Literally “beautiful letters” in French, the term belles lettres aptly describes works of graphic design in which typography plays an aesthetic role, elevating print communication to the realm of art. From October 30, 2004, to April 17, 2005, the San Francisco Museum of Modern Art (SFMOMA) will present Belles Lettres: The Art of Typography, an exhibition highlighting contemporary type treatment by twenty–six design visionaries from around the world including Saul Bass, Rebeca Mendéz, Jennifer Morla, Makoto Saito, Jennifer Sterling, Thonik, and Martin Venezky. From edgy spreads in alternative magazines to design–forward institutional identities, Belles Lettres looks at how designers employ contrast, scale, layering, and formal manipulation to both reiterate and transform content in ways that images alone cannot.
The exhibition, drawn entirely from the SFMOMA collection, is organized jointly by Darrin Alfred and Ruth Keffer, SFMOMA curatorial associates of architecture and design, and presents posters, magazines, brochures, and books as well as everyday items such as stamps and playing cards that exemplify boundary–breaking innovations in typography since the 1960s.
“Typography—how type is used rather than the specific design of typefaces—has always been a primary workhorse for communicating content,” explains Alfred. “In recent years, rapid advancements in technology and the increasing overlap of fine art and commerce have lead to an unparalleled expansion of typographic approaches.” Keffer adds: “This exhibition represents some of the best efforts by vanguard designers to invent new visual languages through typography.”
The exhibition features key projects by Martin Venezky, the San Francisco designer and principal of Appetite Engineers, including Open: The Magazine of the San Francisco Museum of Modern Art. For the initial spread of Open No. 5, Venezky lavishly multiplied and layered individual letterforms to create a riot of distorted type that spills across the pages in biomorphic shapes. Playing with the decorative side of typography, his influential style encompasses heavily treated type and complex digital manipulation, taking the simplest information on a page and elaborating it into a tapestry of associations.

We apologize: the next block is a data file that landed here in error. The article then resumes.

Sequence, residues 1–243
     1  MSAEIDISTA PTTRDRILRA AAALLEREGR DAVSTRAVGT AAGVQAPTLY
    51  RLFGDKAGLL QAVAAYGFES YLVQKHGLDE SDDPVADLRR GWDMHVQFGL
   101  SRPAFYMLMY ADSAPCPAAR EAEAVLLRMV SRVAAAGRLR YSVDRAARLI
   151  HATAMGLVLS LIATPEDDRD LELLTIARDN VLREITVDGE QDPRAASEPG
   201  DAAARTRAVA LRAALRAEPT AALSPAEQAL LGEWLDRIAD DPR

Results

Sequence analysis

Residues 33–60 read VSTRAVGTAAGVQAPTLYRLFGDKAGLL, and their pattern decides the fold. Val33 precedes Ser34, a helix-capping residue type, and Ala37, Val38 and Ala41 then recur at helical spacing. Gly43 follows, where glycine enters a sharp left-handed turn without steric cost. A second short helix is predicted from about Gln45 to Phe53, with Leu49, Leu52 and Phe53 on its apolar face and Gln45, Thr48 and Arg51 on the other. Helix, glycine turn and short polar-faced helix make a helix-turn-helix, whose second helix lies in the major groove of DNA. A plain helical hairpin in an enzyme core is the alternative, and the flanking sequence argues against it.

Working at extremes in scale, San Francisco–based designer Jennifer Sterling constructs arrangements that often project the illusion of more than two dimensions, pushing type to the brink of where it functions equally as object and communication. For instance, her San Francisco Performances DV8 Physical Theatre poster, created for an experimental dance project, integrates photography and contemporary sans serif type in lyrical arrangements suggestive of rhythm, balance, and motion, thereby mimicking the entity it represents. In nearly all her work, Sterling engages letterforms as devices to create dialogue between negative and positive space, both within each character and within the context of a specific word or paragraph.
At the forefront of Dutch design, the Amsterdam–based firm Thonik takes a unconventional approach to typography that tends to favor a dry simplicity. Headed by founding partners Thomas Widdershoven and Nikki Gonnissen, its style is radical, but generally springs from bold concepts communicated in the most direct and logical manner. For a series of catalogues created for the Dutch Council for Culture, the team devised a title graphic that plays out across the covers of all the publications as one unit, and loses its coherency if a single issue is removed. Widdershoven and Gonnissen’s clever style and formal discipline add a level of aesthetic sophistication to a design strategy that emphasizes clarity and functionality.
Los Angeles–based designer Rebeca Mendéz incorporates transparency, motion, and layering of type and image in a highly intuitive method that often results in passionate self–expression. Described as visceral and sensuous, her work is remarkable for its lyricism that exists in tandem with a measured, rational order. Her designs hinge on this constant tension between freedom and confinement, such as in the elegant arrangements in Exposición Mundial en Hanover, Expo 2000, 1997, a poster created for the World Expo 2000 in Hanover, Germany. Completed in only three days, the design is based on a sense of excitement and unease associated with the advent of a new millennium. Like the intuitive forms that visually underscore the content, the organic, spiraling type reinforces the identity of the concept.
A different approach can be found in the work of Jack Stauffacher, a master printer and preeminent book designer who has operated the Greenwood Press in San Francisco since 1947. Stauffacher, who was recently awarded the AIGA Medal for book design and printing, explores a longstanding fascination with modern design theories while working within the classic letterpress tradition. His work transcends typographical conventions through his experiments with wood type, which he uses to create semiabstract graphic compositions. His most recent creation, The Vico Portfolio, 2003, is inspired by an eighteenth–century edition of a book by the humanist and philosopher Giambattista Vico. The set of ten prints integrates large letterforms with snippets of text extracted from Vico’s New Science. Similar to the effect of concrete poetry, these typographical arrangements form a visual design that conveys meaning on multiple levels.